"Why would proclamation of Jesus as a historical person assist Christian evangelism more than proclamation of a mythical figure? If the historical existence of Jesus was invented only in about AD 100, why was it necessary to create so many detailed traditions?
"We have a good deal of information about the polemical and often bitter arguments Christians, Jews, and pagans had with one another in the early centuries. But the early Christians' opponents all accepted that Jesus existed, taught, had disciples, worked miracles, and was put to death on a Roman cross. As in our own day, debate and disagreement centred largely not on the story but on the significance of Jesus.
"Today nearly all historians, whether Christians or not, accept that Jesus existed and that the gospels contain plenty of valuable evidence which has to be weighed and assessed critically. There is general agreement that with the possible exception of Paul, we know far more about Jesus of Nazareth than about any first- or second-century Jewish or pagan religious teacher."
Jesus lived His public life in the land of Palestine under the Roman rule of Tiberius (ad 14-37). There are four possible Roman historical sources for his reign: Tacitus (55-117), Suetonius (70-160), Velleius Paterculus (a contemporary), and Dio Cassius (3rd century). There are two Jewish historical resources that describe events of this period: Josephus (37-100?), writing in Greek, and the Rabbinical Writings (written in Hebrew after 200, but much of which would have been in oral form prior to that time). There are also sources (non-historians) writing about the Christians, in which possible mentions are made (e.g., Lucian, Galen).
Of these writings, we would NOT expect Velleius to have a reference to Jesus (i.e. the events were just happening OUTSIDE of Velleius' home area), and Dio Cassius is OUTSIDE of our time window of pre-3rd century. Of the remaining Roman writers--Tacitus and Suetonius--we have apparent references to Jesus (discussed below), even though the main section in Tacitus covering the period 29-32ad is missing from the manuscript tradition. If these are genuine and trustworthy 'mentions' of Jesus, then we have an amazing fact--ALL the relevant non-Jewish historical sources mention Jesus! (Notice that this is the OPPOSITE situation than is commonly assumed--"If Jesus was so important, why didn't more historians write about Him?" In this case, THEY ALL DID!).
Of the Jewish resources--Josephus and the Rabbinical writings (e.g. Talmud, Midrash)--BOTH make clear references to the existence of Jesus (even though the details reported may be odd). So ALL the Jewish sources refer to Him.
In addition, there are three OTHER candidates for historical 'mentions' of Jesus that fall in the 2nd century: one Roman (Pliny the Younger) , one possibly Syrian (Mara Bar Serapion), and one Samaritian (Thallus). [We can also include here the writings of Celsus, Galen, Lucian]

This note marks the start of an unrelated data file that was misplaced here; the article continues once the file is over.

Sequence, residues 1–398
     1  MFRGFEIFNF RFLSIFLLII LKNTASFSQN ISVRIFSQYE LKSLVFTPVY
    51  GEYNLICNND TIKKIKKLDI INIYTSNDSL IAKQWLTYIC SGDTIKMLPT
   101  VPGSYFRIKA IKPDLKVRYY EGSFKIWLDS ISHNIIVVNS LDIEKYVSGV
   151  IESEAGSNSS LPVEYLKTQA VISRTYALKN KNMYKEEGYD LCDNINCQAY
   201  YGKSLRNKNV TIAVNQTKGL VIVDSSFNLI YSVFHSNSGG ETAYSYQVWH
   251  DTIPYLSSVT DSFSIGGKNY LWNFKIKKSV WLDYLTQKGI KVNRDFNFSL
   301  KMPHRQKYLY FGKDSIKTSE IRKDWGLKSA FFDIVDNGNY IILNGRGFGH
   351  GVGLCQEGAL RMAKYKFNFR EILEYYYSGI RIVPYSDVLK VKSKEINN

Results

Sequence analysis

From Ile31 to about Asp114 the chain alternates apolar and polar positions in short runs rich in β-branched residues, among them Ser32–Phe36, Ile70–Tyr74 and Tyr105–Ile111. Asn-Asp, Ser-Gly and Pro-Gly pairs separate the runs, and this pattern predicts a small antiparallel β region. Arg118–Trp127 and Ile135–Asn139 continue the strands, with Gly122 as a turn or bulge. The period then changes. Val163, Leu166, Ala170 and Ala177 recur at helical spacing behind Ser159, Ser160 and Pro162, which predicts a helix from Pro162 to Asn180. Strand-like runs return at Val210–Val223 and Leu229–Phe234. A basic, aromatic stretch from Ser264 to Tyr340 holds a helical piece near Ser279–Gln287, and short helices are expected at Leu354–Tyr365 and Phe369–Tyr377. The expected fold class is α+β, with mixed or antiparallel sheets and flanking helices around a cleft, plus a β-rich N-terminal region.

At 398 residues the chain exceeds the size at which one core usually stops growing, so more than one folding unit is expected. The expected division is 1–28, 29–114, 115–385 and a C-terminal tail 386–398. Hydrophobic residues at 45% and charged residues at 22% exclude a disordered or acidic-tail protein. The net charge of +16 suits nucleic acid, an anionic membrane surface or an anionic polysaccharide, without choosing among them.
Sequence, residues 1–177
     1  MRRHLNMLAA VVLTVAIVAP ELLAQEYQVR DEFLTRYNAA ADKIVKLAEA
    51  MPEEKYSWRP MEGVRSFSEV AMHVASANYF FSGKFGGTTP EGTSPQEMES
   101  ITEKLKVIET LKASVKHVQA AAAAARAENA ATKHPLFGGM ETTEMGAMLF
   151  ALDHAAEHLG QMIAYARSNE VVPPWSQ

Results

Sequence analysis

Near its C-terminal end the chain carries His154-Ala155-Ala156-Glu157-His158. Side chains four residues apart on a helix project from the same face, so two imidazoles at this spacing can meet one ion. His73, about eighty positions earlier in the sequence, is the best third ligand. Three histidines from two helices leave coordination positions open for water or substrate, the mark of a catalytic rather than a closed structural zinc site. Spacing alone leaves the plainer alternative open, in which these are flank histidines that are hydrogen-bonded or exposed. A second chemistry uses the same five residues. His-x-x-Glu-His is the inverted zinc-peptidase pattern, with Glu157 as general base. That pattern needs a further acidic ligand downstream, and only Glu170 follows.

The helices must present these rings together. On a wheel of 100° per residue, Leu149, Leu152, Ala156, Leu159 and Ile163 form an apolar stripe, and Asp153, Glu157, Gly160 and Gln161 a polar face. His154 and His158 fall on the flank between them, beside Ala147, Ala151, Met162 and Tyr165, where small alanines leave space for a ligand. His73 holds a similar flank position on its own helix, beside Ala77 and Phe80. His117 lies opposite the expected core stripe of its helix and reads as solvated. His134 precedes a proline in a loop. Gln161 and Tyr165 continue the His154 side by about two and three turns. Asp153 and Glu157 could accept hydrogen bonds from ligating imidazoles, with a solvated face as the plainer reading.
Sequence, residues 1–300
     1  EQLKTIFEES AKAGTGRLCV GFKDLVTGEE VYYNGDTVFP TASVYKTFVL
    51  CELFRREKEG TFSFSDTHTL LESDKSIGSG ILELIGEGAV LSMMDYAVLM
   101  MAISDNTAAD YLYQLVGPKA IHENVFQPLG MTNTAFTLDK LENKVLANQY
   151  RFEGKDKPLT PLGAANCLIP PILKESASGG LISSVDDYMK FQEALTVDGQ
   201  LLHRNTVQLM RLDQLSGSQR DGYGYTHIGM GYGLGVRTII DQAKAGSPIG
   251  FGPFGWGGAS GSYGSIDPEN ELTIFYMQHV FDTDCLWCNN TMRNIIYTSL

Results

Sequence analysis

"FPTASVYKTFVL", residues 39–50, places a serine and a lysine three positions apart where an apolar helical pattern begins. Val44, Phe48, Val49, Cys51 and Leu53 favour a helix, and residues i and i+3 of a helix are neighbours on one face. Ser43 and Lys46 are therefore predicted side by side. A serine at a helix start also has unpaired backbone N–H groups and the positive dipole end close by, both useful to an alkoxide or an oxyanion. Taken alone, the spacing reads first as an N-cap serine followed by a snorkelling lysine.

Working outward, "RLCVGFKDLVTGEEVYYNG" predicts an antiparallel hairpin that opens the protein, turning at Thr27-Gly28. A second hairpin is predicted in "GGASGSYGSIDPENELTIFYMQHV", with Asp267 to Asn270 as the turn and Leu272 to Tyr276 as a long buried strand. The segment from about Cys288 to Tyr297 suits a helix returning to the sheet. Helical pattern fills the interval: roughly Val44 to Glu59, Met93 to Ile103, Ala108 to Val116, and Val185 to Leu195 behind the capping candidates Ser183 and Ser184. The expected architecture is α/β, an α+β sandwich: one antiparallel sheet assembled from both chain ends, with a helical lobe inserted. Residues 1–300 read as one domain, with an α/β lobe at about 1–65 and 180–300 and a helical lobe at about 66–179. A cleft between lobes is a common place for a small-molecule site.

I would like to take these in probable historical order.
Let me also just mention something about the Josephus issue. Every now an then I get an email about someone abjectly 'dismissing' the data from Josephus, without even interacting with the data and the positions of solid scholars. This is inappropriate. By far and away, the bulk of modern scholarship accepts that Josephus makes two independent references to Jesus--to argue otherwise requires the objector to dismantle the historical consensus, and this requires argumentation instead of simple assertion (and disallowance of Josephus as a witness!). One of the leading scholars, translators, and commentators on Josephus is Steve Mason. In his book on Josephus and the New Testament (Hendrickson:1992), he discusses the two references to Jesus in Josephus' writings, and concludes that "if it were needed", they would provide independent testimony to the existence of Jesus. He writes:
"Taking all of these problems into consideration, a few scholars have argued that the entire passage (the testimonium) as it stands in Josephus is a Christian forgery. The Christian scribes who copied the Jewish historian's writings thought it intolerable that he should have said nothing about Jesus and spliced the paragraph in where it might logically have stood, in Josephus' account of Pilate's tenure. Some scholars have suggested that Eusebius himself was the forger, since he was the first to produce the passage…Most critics, however, have been reluctant to go so far. They have noted that, in general, Christian copyists were quite conservative in transmitting texts. Nowhere else in all of Josephus' voluminous writings is there strong suspicion of scribal tampering. Christian copyists also transmitted the works of Philo, who said many things that might be elaborated in a Christian direction, but there is no evidence that in hundreds of years of transmission, the scribes inserted their own remarks into Philo's text. To be sure, many of the "pseudepigrapha" that exist now only in Christian form are thought to stem from Jewish originals, but in this instance it may reflect the thorough Christian rewriting of Jewish models, rather than scribal insertions. That discussion is ongoing among scholars. But in the cases of Philo and Josephus, whose writings are preserved in their original language and form, one is hard pressed to find a single example of serious scribal alteration. To have created the testimonium out of whole cloth would be an act of unparalleled scribal audacity." (p.170-171)
This will take a while, but I plan to take these in chronological order in my analysis.